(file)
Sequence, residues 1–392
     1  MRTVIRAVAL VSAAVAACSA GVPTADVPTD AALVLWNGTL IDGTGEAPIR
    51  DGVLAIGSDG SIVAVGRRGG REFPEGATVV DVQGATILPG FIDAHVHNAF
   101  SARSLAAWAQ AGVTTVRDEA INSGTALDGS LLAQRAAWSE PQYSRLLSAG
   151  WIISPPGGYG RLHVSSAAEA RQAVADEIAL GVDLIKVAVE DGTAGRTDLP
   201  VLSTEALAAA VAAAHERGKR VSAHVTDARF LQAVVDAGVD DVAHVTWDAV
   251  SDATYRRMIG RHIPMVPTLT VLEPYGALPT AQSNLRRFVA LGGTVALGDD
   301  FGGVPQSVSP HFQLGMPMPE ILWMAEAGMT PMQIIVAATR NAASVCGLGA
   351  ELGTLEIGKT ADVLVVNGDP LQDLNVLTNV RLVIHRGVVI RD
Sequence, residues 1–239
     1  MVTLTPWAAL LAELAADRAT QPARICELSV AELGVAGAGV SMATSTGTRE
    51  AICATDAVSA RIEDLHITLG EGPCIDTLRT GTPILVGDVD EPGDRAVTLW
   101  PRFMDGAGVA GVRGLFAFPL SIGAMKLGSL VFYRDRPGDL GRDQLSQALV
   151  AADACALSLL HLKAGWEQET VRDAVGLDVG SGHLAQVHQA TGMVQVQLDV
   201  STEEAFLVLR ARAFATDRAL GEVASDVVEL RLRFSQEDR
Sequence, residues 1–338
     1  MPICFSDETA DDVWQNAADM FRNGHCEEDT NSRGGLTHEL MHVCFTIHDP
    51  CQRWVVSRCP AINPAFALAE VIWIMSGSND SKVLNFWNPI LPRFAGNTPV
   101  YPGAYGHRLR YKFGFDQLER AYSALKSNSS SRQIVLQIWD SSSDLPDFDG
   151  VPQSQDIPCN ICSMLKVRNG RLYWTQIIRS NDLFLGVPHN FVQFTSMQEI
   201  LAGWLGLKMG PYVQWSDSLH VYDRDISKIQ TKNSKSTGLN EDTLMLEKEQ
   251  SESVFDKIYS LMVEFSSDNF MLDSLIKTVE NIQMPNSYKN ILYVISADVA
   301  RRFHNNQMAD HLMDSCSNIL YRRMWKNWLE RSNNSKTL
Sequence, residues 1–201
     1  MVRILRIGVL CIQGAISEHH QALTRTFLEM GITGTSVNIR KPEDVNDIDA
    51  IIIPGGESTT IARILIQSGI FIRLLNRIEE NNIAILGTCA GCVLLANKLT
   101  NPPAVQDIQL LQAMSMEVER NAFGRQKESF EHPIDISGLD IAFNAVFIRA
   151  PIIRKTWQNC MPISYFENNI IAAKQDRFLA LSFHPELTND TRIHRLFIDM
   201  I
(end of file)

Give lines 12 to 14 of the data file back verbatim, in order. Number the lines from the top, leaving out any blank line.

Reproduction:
    51  AICATDAVSA RIEDLHITLG EGPCIDTLRT GTPILVGDVD EPGDRAVTLW
   101  PRFMDGAGVA GVRGLFAFPL SIGAMKLGSL VFYRDRPGDL GRDQLSQALV
   151  AADACALSLL HLKAGWEQET VRDAVGLDVG SGHLAQVHQA TGMVQVQLDV